In a joint statement they said H5N1 has been confirmed in six samples of dead birds. It wasn't immediately clear where the samples were found.
Experts earlier had said they were concerned that the H5N1 strain would appear in Afghanistan, given the country's poor infrastructure for animal and human health.
The H5N1 strain of bird flu has killed millions of birds and about 100 people around the world 2003. Most of the human victims caught the disease from very close contact with infected birds.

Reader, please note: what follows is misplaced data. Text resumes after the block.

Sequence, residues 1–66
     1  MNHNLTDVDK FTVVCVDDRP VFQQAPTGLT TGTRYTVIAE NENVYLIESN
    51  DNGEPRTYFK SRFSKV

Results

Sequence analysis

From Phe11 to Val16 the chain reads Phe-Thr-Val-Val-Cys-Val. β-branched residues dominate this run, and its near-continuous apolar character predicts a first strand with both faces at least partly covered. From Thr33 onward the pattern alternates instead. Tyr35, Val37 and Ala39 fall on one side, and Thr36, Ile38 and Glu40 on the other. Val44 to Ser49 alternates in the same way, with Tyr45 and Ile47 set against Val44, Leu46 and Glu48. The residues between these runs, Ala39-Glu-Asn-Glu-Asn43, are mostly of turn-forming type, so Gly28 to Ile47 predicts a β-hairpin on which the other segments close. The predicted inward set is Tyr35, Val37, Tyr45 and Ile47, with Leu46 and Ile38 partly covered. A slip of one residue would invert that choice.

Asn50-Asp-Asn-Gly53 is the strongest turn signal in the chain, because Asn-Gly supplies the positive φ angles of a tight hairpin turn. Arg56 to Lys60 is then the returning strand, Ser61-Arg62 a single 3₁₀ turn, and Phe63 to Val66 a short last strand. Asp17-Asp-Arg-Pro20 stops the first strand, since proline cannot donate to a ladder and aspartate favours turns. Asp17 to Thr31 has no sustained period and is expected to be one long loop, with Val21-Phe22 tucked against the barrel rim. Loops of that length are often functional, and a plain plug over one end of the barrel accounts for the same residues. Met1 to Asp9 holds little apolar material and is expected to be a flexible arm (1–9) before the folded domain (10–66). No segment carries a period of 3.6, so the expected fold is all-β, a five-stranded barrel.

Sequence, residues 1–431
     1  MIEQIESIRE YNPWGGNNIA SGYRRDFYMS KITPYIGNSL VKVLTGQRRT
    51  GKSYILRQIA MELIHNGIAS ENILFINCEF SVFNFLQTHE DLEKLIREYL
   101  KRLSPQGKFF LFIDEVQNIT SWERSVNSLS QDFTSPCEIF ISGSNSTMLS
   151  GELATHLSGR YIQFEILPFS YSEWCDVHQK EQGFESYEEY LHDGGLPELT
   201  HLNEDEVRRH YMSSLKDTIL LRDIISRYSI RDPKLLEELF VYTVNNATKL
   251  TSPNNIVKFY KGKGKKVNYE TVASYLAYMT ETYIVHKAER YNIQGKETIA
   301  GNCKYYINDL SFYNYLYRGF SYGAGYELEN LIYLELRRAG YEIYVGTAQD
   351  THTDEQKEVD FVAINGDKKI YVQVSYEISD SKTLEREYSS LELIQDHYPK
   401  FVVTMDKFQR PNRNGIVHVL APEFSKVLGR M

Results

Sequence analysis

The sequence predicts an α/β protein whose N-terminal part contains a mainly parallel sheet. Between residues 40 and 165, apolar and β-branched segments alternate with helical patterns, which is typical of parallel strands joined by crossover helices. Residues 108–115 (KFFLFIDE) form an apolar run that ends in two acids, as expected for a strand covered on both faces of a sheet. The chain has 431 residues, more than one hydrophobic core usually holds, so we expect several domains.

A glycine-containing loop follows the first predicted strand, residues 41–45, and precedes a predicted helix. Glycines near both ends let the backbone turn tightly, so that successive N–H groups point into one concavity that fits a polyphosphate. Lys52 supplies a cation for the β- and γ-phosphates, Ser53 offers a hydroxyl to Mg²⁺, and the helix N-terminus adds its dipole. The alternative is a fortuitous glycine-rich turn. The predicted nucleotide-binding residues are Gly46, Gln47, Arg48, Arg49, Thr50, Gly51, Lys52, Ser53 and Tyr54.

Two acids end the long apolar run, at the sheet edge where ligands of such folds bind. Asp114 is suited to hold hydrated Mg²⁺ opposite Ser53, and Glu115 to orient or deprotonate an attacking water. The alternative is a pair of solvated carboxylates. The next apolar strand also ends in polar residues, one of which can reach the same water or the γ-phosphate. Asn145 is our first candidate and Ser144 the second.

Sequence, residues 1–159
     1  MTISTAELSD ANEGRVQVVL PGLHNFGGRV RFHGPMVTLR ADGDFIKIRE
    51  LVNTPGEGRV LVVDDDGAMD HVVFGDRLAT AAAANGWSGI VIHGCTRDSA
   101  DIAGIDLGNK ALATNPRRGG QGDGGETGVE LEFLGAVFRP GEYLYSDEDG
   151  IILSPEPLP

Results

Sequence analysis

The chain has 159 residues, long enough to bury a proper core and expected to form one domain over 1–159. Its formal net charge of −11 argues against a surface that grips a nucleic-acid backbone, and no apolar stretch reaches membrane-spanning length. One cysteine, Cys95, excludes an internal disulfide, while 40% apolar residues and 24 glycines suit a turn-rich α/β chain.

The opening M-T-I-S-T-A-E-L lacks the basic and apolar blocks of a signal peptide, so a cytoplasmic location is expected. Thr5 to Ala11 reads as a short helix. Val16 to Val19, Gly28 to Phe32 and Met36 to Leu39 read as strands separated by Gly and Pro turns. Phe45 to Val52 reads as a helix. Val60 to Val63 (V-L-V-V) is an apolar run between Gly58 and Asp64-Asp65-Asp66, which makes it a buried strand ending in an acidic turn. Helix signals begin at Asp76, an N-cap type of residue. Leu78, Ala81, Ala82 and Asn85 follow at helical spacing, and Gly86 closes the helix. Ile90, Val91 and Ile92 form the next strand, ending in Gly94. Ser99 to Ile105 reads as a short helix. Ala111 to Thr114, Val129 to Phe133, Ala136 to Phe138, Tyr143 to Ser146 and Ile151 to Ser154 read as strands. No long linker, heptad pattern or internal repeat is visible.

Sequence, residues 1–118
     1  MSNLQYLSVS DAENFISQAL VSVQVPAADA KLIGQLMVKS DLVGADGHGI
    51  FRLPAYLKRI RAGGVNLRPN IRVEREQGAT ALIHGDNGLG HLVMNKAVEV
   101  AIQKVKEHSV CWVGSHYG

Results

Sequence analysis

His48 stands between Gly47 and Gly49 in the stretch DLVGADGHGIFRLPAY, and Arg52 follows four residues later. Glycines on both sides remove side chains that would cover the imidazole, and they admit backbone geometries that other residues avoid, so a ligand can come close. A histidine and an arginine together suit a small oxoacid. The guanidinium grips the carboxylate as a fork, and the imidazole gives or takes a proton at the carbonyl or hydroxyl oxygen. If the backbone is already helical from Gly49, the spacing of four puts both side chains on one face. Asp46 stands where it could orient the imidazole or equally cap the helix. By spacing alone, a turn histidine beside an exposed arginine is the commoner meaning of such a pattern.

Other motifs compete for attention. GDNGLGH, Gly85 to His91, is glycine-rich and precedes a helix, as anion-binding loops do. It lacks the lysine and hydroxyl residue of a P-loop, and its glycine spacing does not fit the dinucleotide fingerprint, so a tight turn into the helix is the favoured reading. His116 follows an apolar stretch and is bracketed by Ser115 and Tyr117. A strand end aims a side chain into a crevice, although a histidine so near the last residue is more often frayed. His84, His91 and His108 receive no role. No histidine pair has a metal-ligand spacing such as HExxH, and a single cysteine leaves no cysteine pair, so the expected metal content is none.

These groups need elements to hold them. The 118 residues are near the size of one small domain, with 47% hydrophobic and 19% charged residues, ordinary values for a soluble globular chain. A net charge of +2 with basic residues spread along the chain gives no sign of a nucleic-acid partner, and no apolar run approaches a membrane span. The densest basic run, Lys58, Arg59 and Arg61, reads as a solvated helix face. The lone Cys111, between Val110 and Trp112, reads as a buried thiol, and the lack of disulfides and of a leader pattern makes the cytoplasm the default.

Click on the map for a closer view of the areas within RFE/RL's broadcast region where cases of diseased fowl have been confirmed. Last updated on February 20.
BIRD FLU, or avian influenza, continues to menace scattered areas from East Asia, where the disease first appeared, to Southeastern and Eastern Europe and beyond. Authorities around the world are bracing themselves -- and, more importantly, planning and taking measures to fight the disease wherever it appears.
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